I would like to know exactly what this “process” looks like. Saying your content is “quality” is a lot different than actually measuring audience feedback and content effectiveness.

    I also would have enjoyed hearing more discussion about their relationships with content creators. They pay these people well under market rates… and anyone, ANYONE can create content. No creativity required, but no real skills or expertise, either.

    Here’s a great post from Christine Anameier (Brain Traffic) about the impact Demand Media is having on our ability to obtain quality search results:
    http://blog.braintraffic.com/2010/02/sorting-through-the-digital-debris-2/

    Ultimately, while I may hate what Demand Media is building, I agree that this is Google’s problem to solve.

    • Chris Crum

      I would imagine that as with most models, there are flaws. It’s rare that anything is perfect, and again, he acknowledged that they do have stuff out there that isn’t the greatest (he attributes this mainly to the days before this model was adopted)…that’s not to say that less-than-stellar content can’t slip through the cracks.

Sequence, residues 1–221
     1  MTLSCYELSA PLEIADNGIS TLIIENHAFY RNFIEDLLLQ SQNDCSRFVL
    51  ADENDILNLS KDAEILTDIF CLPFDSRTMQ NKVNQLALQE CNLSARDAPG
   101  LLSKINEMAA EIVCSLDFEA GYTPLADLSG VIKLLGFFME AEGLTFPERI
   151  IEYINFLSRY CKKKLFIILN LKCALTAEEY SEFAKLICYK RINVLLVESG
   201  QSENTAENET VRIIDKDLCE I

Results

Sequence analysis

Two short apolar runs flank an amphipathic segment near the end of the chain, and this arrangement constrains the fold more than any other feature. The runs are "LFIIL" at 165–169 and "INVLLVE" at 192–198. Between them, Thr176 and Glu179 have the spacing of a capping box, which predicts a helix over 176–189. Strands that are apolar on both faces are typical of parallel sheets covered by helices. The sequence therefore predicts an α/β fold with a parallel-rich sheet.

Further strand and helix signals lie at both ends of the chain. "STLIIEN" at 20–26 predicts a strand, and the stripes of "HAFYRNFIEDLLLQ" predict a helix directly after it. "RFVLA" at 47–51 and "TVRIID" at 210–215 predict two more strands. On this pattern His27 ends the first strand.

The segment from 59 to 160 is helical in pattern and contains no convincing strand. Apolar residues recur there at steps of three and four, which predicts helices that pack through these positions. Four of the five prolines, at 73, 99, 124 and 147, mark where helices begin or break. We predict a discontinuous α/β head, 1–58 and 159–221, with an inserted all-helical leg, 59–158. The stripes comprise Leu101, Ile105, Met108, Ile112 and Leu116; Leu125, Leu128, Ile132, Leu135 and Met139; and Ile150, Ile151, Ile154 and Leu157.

Rosenblatt says there are different models for different categories in terms of the editorial process. According to him, they make sure health articles for example, are written by “professionals” and fact-checked by doctors.

      He did explain the process to some extent: articles are sent to copy editors, then fact-checkers (in the case of medical – doctors). To be a copy editor, you must have three to five years of copy editing experience. If you’re doing health articles, the copy editors have had experience in that area, he says.

  • http://crunchydata.com Kimberly

    Yes, Demand Media is misunderstood in the sense that most people do not realize that Demand Media set eHow up as a bait-and-switch scheme to exploit its members. The scheme lured in a first wave of writers who were paid fairly well with residual earnings. They used those writers to proselytize to the next wave or two, who were not paid quite as well under eHow’s notorious secret algorithm.

    By the time the final (or nearly so) wave of member-writers joined in early August, 2009, after Time magazine touted the eHow model as a way for “any Joe Blow” to make money, eHow had pulled back the golden calf so far that few could find it.

    This grand bait-and-switch scheme allowed Demand Media to use writer-owned content to analyze what made it work–or not–and place their own prepaid content from Demand Studios against it in head-to-head competition for page views and ad dollars.